Essential oils are liquids derived from the stems, leaves, bark, roots or flowers of plants. They are very concentrated. Even small amounts can cause harm if used improperly. Here are tips on how to use these products safely.

Using directly on skin

Undiluted oils should never be used directly on the skin. Always dilute them with a base oil or emulsifier such as Apricot Kernel, Jojoba or Almond oil. Never touch the eyes or mucous membranes such as the nose. Oils such as Lavender and Tea tree are generally accepted to be safe to use topically, however caution should always be exercised when using any essential oil.

When using for the first time, do a skin patch test.

For pure essential oils, add one drop in 2.5 mL (or 1/2 teaspoon) of vegetable oil and apply it to your arm. If the area turns red, or if there is burning or itchiness, wash the area and do not use that product.

Do not ingest.

They are highly concentrated and have the capacity to cause serious damage if used internally without the necessary expertise required in administrating it. This is supported by the International Federation of Aromatherapists that does not recommend ingestion of essential oils without under the supervision of a Medical Doctor who is also qualified in clinical aromatherapy.

Medical Conditions

People with liver or kidney disease should only use oils under the guidance of a qualified practitioner. Once absorbed in the bloodstream, essential oils are ever cleared from your body by the liver and kidneys – using excessively may injure these organs. Consult a qualified practitioner if you are using any medication, because oils may interact with certain medications. For example, relaxing oils such as chamomile, lavender, and melissa (lemon balm) may heighten the effect of sleeping pills or sedatives.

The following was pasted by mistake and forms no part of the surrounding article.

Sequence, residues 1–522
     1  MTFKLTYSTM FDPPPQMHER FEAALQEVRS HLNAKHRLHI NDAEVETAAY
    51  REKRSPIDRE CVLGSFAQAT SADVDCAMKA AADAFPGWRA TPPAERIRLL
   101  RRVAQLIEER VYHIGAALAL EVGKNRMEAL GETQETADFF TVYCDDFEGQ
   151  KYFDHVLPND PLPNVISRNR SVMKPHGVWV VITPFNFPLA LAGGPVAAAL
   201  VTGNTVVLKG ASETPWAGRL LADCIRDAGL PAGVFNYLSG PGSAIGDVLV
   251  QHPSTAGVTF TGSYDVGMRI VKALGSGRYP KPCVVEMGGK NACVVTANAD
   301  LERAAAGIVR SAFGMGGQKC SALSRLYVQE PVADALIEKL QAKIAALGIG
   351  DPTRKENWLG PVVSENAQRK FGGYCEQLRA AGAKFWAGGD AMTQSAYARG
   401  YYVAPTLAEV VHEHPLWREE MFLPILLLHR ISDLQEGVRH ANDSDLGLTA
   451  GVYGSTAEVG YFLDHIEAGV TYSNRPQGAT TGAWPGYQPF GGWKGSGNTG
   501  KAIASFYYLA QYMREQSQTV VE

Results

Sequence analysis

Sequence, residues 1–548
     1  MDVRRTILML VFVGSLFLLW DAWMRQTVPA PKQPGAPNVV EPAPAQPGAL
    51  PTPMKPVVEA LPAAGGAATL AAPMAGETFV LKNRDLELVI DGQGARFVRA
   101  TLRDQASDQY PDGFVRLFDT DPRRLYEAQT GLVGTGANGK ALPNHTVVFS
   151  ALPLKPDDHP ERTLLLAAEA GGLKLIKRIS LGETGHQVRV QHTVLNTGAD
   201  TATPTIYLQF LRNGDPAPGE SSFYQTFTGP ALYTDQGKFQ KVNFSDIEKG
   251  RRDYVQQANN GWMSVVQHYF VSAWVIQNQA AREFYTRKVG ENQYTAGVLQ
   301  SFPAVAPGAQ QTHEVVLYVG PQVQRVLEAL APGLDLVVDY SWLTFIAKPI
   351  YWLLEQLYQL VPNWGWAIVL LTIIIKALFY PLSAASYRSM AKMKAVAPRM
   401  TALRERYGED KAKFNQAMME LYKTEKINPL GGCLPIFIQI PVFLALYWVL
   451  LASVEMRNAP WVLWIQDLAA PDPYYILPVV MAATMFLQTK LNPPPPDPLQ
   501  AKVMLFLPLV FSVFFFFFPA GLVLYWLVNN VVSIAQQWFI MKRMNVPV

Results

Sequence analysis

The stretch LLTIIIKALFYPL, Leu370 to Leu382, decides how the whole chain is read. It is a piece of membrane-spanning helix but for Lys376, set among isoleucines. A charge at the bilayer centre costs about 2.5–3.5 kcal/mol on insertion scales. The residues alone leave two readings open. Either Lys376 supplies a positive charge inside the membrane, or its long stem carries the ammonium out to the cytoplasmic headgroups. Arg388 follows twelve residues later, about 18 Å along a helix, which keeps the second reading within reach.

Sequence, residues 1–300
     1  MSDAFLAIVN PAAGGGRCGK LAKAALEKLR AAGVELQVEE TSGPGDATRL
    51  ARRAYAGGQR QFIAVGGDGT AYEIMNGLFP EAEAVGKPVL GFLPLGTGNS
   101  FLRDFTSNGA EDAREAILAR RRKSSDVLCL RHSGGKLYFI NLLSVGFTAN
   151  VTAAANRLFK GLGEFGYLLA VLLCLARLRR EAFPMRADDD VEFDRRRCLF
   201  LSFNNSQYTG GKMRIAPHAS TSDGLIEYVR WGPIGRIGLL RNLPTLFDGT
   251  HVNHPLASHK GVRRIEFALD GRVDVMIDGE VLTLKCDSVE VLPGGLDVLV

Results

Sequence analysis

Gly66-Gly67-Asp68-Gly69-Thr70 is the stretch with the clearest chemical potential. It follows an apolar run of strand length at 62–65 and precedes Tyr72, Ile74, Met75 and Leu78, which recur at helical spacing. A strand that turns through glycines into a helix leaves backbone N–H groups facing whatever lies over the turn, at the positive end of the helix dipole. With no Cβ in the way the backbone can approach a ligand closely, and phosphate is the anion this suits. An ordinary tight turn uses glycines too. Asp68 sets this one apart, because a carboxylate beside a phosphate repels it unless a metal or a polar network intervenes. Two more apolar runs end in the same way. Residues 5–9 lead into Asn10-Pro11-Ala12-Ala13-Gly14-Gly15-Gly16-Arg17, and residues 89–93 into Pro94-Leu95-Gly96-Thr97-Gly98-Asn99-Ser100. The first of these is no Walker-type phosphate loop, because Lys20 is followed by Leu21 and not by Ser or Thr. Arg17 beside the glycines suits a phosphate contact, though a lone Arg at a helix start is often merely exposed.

Heating

This is often controversial and you will find mixed messages regarding heating oils. Many health care professionals agree that heat can alter the chemical composition of an oil. Using ceramic light bulb rings or heating over an open flame such as a tea light can be hazardous for several reasons. This may result in a reduction of the medicinal benefits as well as potentially releasing toxins into your environment. Much caution must be taken to ensure you do not expose an oil to a non-controlled heat source. Essential oils are flammable so if you insist on heating an oil, never leave it unattended. To get the most benefit out of your oil and to be safe, we recommend using a cold diffusion process.

Storing

Store your oils in a cool, dark place away from heat and sunlight. Doing so will prolong the shelf life of the oils. If you have only a few bottles of oil, storing them in a closet would work just fine. If you have quite a few bottles, store the oils in a wooden storage box. Storage boxes protect your oils from variant temperatures and light exposure, as well as keeping your oils organized and in one place.

Mark oil bottles with the date in which you opened the bottle. Doing so will help you keep track of the oil's shelf life. Most oils will last for years if stored properly. Essential oils will become thick, cloudy and smell more acidic when they have deteriorated. Citrus oils have a shelf shelf life, about about six to 12 months once opened. When your citrus oils become cloudy or begin to smell sweet, they have deteriorated.